References in classic literature ?
All day long, within the canonical hours, the door of Holchester House is perpetually opening to receive visitors.
The Wandering Jew image appears at the beginning of the section marking the canonical hour of Sext [Figure 3].
In monasteries and convents, the first canonical hour ushers in all the following canonical hours, the liturgy of the mass, and all other daily activities, according to a schedule organized purposefully to ensure that the monks avoid all forms of idleness and their lives are totally oriented toward God.
In addition to the psalms, devotional words such as the "Prayer of Thanksgiving" that opens each of the seven canonical hours of the Coptic daily office, including vespers, still me with their precision:
Forcades's first work in English is divided into six parts -- one for each of the five traditional canonical hours, from matins to vespers, plus compline, a final chapter on forgiveness and reconciliation.
Anyone perusing the daily schedule is instantly aware that central to every twenty-four hours, because formative, are the seven canonical hours: Matins with Lauds, Prime, Tierce, Sext, Nones, Vespers, and Compline.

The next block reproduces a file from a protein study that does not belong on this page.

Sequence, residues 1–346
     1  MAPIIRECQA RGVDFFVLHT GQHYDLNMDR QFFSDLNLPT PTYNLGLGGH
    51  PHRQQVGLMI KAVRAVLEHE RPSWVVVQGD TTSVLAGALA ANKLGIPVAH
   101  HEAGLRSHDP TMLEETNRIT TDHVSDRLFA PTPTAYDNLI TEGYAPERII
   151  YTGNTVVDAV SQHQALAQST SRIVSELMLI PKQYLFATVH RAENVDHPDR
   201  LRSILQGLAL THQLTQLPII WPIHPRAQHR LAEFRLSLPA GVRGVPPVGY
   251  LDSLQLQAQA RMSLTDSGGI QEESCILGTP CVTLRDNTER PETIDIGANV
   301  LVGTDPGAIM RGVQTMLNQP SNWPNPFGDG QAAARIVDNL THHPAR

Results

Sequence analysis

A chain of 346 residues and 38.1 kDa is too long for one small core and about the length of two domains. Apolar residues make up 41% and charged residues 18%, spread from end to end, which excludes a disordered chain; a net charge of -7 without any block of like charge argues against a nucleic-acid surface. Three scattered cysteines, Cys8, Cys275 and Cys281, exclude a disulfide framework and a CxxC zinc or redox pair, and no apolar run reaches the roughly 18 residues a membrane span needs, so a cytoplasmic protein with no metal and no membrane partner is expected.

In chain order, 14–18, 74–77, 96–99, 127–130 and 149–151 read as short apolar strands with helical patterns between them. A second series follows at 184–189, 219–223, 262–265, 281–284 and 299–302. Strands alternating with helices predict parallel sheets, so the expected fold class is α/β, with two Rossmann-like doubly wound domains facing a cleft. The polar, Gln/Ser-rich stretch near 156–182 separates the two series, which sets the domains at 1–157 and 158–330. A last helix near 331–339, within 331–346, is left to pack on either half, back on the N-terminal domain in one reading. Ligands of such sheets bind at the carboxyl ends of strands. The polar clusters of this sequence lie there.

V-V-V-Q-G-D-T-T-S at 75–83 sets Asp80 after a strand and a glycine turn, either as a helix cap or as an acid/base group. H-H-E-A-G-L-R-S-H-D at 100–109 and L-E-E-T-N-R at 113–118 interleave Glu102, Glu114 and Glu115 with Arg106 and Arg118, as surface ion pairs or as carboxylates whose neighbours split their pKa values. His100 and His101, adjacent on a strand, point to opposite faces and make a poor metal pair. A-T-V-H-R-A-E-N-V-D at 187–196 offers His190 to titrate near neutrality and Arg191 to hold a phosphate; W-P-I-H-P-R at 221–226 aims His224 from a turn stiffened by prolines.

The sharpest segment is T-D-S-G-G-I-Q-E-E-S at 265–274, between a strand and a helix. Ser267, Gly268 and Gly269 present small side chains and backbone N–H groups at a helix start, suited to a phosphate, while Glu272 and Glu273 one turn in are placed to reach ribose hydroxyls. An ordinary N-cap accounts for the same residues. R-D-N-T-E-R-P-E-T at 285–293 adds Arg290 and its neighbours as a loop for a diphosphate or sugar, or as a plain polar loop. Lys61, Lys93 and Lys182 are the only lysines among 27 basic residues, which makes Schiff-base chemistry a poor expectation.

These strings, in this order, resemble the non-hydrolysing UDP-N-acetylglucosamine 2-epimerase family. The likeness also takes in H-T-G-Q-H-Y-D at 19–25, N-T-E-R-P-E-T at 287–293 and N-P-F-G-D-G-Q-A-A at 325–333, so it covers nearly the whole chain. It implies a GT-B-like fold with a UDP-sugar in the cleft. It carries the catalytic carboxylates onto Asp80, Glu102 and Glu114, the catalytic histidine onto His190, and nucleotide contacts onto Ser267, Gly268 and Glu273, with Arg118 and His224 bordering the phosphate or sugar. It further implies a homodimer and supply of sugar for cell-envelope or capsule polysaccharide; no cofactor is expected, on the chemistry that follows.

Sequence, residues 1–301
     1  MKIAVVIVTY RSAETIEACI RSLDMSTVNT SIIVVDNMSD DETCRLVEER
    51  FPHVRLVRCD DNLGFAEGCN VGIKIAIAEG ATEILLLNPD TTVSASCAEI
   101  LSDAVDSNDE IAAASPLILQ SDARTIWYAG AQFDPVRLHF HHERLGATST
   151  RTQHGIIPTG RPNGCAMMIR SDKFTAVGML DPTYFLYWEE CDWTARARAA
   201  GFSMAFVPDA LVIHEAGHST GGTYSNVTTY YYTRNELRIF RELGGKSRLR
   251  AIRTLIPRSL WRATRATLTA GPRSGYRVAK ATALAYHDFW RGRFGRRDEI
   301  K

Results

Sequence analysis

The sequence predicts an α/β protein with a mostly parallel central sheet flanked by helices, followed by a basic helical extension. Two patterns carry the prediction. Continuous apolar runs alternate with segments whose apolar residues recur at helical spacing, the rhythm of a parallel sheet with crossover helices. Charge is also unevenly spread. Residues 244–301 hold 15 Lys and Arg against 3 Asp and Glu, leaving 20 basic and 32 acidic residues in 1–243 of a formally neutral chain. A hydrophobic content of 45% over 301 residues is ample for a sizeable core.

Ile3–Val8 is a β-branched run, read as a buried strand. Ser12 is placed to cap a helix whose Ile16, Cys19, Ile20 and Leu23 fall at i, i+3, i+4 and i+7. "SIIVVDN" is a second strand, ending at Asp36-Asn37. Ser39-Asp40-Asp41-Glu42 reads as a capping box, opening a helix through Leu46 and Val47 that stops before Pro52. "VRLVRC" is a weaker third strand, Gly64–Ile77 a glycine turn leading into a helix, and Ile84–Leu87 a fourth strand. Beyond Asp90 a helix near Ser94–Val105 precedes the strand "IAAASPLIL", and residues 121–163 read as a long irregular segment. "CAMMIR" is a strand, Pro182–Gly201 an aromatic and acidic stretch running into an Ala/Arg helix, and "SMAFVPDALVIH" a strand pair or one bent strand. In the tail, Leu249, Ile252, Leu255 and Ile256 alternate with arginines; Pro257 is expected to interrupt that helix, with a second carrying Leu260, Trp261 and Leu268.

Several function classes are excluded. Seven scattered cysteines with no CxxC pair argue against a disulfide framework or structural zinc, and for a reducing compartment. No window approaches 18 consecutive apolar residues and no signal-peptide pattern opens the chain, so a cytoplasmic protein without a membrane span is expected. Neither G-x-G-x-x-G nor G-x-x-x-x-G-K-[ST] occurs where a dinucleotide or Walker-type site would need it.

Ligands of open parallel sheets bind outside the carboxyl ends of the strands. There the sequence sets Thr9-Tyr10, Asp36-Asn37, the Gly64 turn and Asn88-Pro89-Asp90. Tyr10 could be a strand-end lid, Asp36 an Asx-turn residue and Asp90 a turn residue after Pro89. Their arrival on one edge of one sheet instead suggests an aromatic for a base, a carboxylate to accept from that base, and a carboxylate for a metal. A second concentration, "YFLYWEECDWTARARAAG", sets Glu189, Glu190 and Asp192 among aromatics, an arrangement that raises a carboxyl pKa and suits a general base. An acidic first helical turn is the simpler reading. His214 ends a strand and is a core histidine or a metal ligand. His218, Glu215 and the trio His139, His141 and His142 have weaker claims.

Kendrick's book, however, is not a general overview of Holy Week rituals, but rather a study that isolates a genre of Triduum music from roughly 1550-1750: the Canonical Hours of Matins and Lauds, which were performed as a combined service for the days of Maundy Thursday, Good Friday, and Holy Saturday.
Maybe this presence is God: the collection is anchored by a crown of sonnets titled "Quarantine" that styles itself as a prayer arranged according to the canonical hours. But maybe it's an awareness of absence so great that it's perceived as presence.
Vespers, or evening prayer, is the liturgy of the canonical hours. The word comes from the Greek [TEXT NOT REPRODUCIBLE IN ASCII] (hespera) and the Latin vesper, meaning "evening." It opens with the singing or chanting of the words Deus, in adiutorium meum intende.
All great Christian religious orders observe the Canonical Hours, during which they chant the Divine Office.